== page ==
September 25, 2020
House backs bill to boost 'clean energy,' enhance efficiency
The House has approved a modest bill to promote "clean energy" and increase energy efficiency while phasing out the use of coolants in air conditioners and refrigerators that are considered a major driver of global warming.
The bill boosts renewable energy such as solar and wind power, sets stricter energy efficiency standards for buildings and authorizes grants to local communities for more efficient schools, homes and municipal buildings.
The House approved the bill, 220-185, Thursday, sending it to the Senate, where a separate energy bill is pending. The Senate bill, like the House measure, would phase out hydrofluorocarbons, or HFCs, used as coolants, after an internal dispute among Senate Republicans was resolved earlier this month. Use of HFC gases is being phased out worldwide.
"I want to give a clear-eyed assessment: This bill is not going to stop climate change," said Rep. Paul Tonko, D-N.Y. "But it is a good opportunity to make good and sometimes necessary changes to programs, which might make it easier to do a bigger, more ambitious bill in the near future."
The House bill, dubbed the "Clean Economy Jobs and Innovation Act,'' would support clean energy technologies through research and development funding through the Energy Department. It also boosts electric cars and programs to finance clean energy projects.
Supporters said it would create well-paying jobs across the country and help the U.S. transition to a "clean energy future" that is less dependent on fossil fuels such as oil and natural gas.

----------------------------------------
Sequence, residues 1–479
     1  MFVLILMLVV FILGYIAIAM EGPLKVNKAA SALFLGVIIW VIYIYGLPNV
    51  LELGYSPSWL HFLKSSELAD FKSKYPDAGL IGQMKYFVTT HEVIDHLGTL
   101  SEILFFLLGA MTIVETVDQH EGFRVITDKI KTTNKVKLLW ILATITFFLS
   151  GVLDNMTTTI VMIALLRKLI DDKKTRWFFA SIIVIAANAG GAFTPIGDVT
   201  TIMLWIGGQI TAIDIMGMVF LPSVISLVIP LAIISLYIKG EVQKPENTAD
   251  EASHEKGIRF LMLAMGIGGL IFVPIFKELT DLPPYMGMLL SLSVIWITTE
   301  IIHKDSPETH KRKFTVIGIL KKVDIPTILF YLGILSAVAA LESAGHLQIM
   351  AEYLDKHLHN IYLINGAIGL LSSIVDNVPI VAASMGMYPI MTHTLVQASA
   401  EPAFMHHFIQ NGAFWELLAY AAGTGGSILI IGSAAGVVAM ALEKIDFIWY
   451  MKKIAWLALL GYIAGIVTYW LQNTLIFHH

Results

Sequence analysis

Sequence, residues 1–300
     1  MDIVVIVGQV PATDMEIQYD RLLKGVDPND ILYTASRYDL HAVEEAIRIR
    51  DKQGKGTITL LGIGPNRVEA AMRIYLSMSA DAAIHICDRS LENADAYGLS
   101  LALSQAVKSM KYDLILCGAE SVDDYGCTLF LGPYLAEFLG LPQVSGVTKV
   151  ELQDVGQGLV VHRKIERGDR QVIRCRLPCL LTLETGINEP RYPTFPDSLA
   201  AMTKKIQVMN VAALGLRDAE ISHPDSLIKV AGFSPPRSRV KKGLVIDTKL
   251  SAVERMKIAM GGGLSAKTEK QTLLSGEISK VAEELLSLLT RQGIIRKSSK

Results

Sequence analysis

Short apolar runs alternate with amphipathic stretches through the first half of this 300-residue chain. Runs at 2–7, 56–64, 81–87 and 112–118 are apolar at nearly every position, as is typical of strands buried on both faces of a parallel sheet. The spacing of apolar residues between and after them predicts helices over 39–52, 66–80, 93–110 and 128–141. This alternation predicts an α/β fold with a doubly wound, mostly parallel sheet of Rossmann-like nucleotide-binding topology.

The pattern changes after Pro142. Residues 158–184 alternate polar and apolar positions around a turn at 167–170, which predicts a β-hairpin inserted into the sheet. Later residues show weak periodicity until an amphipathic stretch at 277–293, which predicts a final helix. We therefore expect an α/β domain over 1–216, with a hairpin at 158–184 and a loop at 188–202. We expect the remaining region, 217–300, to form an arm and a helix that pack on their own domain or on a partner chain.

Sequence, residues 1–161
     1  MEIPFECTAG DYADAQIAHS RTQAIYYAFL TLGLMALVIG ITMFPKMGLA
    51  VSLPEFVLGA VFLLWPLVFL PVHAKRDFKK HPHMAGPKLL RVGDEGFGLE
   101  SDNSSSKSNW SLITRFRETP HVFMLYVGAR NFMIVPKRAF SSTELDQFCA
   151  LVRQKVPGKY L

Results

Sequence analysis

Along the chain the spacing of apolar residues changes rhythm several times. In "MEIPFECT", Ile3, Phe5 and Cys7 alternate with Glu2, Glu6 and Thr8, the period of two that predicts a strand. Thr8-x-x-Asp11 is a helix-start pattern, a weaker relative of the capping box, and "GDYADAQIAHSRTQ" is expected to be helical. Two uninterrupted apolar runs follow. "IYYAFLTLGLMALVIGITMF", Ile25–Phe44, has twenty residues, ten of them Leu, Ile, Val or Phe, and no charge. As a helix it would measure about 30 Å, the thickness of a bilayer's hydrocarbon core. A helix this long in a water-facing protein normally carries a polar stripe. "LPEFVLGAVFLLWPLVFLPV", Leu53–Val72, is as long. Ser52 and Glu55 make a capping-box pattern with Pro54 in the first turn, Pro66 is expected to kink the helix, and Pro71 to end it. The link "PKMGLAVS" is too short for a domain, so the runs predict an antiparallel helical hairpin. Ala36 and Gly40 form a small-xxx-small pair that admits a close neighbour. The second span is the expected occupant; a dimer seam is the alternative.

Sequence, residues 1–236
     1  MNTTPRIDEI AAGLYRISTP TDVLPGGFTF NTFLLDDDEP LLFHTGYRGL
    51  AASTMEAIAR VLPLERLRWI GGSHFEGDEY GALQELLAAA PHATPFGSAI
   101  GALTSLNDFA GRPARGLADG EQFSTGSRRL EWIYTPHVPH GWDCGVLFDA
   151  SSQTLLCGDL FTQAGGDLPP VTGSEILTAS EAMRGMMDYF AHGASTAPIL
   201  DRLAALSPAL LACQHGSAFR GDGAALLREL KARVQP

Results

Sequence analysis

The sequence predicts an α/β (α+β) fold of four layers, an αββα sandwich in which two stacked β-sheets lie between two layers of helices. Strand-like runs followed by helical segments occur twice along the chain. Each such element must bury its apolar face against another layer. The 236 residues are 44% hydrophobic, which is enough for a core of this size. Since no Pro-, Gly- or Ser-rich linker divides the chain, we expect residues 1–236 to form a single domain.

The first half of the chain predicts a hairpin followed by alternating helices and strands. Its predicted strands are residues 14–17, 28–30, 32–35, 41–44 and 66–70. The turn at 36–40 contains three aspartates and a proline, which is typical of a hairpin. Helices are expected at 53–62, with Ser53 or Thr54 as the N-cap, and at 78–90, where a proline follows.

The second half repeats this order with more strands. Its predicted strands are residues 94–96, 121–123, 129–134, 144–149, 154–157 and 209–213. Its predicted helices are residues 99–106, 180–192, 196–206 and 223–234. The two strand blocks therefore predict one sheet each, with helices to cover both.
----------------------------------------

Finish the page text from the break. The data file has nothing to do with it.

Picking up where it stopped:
The bill would authorize more than $36 billion to help speed up the electrification of the transportation sector and make electric cars an option for more communities. It also authorizes funding for "clean" school buses, electric vehicle charging equipment and other zero-emission vehicle programs.
Rep. Frank Pallone, D-N.J., chairman of the House Energy and Commerce Committee, said the legislation would "modernize our energy system, create jobs and take positive steps towards addressing the climate crisis.'' He called it "one of the most impactful steps we can take now to create manufacturing jobs and boost our competitiveness, all while protecting our environment.''
Pallone said he and other lawmakers who pushed for the energy package tried to "move provisions we believe have a shot at becoming law this Congress" after negotiations with the Senate.
House Republicans disputed that, saying the bill would cost more than $135 billion while including no serious reforms.
"Don't be fooled by its name—this bill has little to do with innovation and everything to do with House Democrats' embrace of their high-cost Green New Deal," Republican Reps. Greg Walden of Oregon, Rob Bishop of Utah and Frank Lucas of Oklahoma said in a joint statement. Walden is the top Republican on the Energy and Commerce panel, while Bishop leads the GOP on Natural Resources and Lucas is the top Republican on the House Science panel.
While many Democrats have expressed support for the Green New Deal—a non-binding but ambitious plan to eliminate net greenhouse gas emissions by 2030—Speaker Nancy Pelosi has not brought the plan to the House floor. Pelosi and other Democrats announced a climate change plan in June that would set a goal of net-zero greenhouse gas emissions by 2050. Democrats also would spend billions to boost renewable energy and address environmental contamination that disproportionately harms low-income and minority communities.
The bill approved Thursday, while more limited in scope, still "is chock-full of government mandates that would raise what Americans pay for everything from the vehicles they drive to what they pay to heat, cool and power their homes,'' the three Republicans said. "At a time when so many families across the country are struggling, this bill includes back-door bailouts for cities with outsized grant programs that leave rural communities behind. This massive package fails American consumers, plain and simple.''
© 2020 The Associated Press. All rights reserved. This material may not be published, broadcast, rewritten or redistributed without permission.